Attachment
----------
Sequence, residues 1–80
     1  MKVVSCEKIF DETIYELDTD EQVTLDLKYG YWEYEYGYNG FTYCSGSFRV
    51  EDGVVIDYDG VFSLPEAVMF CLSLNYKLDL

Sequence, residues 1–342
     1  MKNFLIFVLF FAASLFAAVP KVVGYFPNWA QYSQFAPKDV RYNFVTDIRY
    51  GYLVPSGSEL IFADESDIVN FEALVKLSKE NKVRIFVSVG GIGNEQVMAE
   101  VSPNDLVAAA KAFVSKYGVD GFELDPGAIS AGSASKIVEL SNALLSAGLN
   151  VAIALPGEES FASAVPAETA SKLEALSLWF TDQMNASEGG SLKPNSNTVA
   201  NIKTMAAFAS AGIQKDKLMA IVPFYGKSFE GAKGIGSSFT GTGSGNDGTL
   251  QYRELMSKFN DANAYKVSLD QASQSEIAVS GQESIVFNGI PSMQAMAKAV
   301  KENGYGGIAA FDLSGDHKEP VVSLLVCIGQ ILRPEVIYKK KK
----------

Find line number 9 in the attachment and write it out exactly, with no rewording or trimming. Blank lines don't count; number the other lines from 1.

   201  NIKTMAAFAS AGIQKDKLMA IVPFYGKSFE GAKGIGSSFT GTGSGNDGTL